I am reminded by Daniel of the humiliation of selling your no longer wanted recordings. I my case it was old vinyl from the seventies and early eighties and maybe there was even a couple of sixties records.
From the time we first bought a cd player they were never played again. But I kept them all, usually in an inaccessible place, such as high in the laundry cupboard behind other stuff. The turntable went under the bed. So for longer than ten years they were never played and they were carted from house to house as we moved.
I had dreams of one day transferring them all onto the pc and then burning them onto cd. But it was such mammoth and daunting task, I never did it.
What finally drove me to get rid of them was that the weight of them caused a shelf in my wardrobe to collapse. I managed to repair it, but the records had to go. Since I would not have any records, the turntable is useless, so it may as well go too.
I knew of a second hand record shop in Chapel St, St Kilda so I carted them all into the shop along with the turntable. The guy was very pleasant and told me to go to the café next door and have a free cup of coffee while he went through them.
He was not finished when I returned. He sorted them into three piles, one definite, one maybe and one discard. How could discard so many of my valuable records? These are my treasured memories. Did he not know what I associate with this record? Peter Frampton is still a respected musician, how can he not want the LP and Peter looked so cute on the cover with his long curly hair. Bah, he was obviously too young to know what Saturday Night Fever meant to us. Ok, the Mahalia Jackson record is a bit scratched and Mary Poppins is almost unplayable. Ah, he certainly wants the Rolling Stones’, Miss You and the David Bowie ones. Oops, Leo Sayer into the discard pile.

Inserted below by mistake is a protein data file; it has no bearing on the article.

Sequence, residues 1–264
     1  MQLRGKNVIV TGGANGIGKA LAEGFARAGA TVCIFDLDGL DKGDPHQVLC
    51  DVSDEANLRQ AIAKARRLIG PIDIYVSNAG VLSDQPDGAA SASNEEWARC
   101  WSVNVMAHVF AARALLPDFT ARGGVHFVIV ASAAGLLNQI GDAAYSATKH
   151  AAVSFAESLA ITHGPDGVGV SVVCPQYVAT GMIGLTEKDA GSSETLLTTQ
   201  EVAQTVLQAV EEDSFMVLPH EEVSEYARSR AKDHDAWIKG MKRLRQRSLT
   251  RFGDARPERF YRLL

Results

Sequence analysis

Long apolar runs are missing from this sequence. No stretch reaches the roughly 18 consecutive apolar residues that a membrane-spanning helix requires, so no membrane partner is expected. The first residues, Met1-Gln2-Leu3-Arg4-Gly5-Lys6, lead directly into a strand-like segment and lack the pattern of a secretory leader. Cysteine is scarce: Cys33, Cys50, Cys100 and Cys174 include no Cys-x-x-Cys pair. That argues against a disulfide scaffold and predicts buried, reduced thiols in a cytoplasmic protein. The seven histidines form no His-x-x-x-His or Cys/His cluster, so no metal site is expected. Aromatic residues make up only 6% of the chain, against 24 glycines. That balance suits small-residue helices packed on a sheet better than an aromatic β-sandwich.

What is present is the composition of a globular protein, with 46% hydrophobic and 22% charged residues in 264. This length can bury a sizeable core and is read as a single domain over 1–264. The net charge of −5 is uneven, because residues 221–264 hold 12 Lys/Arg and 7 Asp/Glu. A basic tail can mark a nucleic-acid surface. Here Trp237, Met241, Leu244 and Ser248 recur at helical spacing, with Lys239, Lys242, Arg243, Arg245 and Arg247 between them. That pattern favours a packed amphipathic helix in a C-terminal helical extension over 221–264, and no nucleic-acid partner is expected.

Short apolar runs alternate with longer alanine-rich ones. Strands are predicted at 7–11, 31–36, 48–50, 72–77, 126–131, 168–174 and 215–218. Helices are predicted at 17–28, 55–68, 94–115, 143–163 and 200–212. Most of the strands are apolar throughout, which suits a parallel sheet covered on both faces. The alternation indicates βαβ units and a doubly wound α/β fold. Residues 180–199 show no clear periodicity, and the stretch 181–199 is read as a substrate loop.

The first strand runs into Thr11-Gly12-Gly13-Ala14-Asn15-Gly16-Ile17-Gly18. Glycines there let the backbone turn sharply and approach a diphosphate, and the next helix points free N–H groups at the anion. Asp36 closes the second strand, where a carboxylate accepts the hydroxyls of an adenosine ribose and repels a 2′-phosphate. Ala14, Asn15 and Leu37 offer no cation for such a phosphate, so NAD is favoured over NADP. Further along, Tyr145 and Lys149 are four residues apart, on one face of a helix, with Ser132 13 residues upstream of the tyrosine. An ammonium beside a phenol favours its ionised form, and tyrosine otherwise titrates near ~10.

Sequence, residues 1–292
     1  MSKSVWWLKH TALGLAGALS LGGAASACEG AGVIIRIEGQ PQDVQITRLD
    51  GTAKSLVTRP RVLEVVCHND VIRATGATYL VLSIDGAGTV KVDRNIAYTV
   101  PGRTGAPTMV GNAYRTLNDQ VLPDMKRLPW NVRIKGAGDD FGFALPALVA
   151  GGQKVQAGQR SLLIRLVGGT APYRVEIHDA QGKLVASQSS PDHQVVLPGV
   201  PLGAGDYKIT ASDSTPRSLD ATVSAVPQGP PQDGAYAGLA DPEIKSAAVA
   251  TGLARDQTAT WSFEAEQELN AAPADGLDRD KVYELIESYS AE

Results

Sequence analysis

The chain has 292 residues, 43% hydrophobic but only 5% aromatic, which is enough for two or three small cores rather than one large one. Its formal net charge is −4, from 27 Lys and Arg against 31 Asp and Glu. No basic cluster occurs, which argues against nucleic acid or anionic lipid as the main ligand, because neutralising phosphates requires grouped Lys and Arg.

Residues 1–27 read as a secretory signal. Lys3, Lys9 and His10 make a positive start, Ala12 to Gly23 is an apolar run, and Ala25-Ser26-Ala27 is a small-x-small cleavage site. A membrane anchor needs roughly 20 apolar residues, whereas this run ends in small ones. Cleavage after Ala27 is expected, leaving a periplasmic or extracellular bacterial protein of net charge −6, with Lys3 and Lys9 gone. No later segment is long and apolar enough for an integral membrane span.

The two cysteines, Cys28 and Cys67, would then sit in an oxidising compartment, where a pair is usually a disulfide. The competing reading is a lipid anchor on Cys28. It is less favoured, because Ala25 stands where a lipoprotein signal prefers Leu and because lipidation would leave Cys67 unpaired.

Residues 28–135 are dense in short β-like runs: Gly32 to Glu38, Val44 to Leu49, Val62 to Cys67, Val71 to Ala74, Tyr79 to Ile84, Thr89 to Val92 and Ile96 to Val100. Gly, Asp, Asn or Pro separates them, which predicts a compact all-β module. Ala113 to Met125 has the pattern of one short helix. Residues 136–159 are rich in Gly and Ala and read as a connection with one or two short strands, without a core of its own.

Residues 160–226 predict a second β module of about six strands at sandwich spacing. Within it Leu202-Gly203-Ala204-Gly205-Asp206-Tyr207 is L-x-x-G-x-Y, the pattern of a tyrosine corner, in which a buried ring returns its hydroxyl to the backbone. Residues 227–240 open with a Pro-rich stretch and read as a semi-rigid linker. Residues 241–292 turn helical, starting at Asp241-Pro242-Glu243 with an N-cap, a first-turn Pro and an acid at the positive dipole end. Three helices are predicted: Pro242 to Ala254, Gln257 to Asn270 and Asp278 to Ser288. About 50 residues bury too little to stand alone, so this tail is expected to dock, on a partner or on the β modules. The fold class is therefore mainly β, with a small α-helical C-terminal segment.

Three piles were reduced to two as he checked the condition of the maybe pile. He was left with one small pile that he would buy and one large pile he did not want. He made a good offer for the turntable $70. It must have been a good quality one, Sansui from memory. And he offered about half that for the records. I accepted his offer.
I carted what was left across the road to another shop. I knew the owner of this store was a grumpy old c***, and he did not disappoint me. He had a quick look and grunted that there was nothing there he wanted and they were only fit to be chucked out.
I dropped them off at an opshop.
About one hundred bucks profit for having my musical tastes judged and the care of my records questioned. Quite humiliating.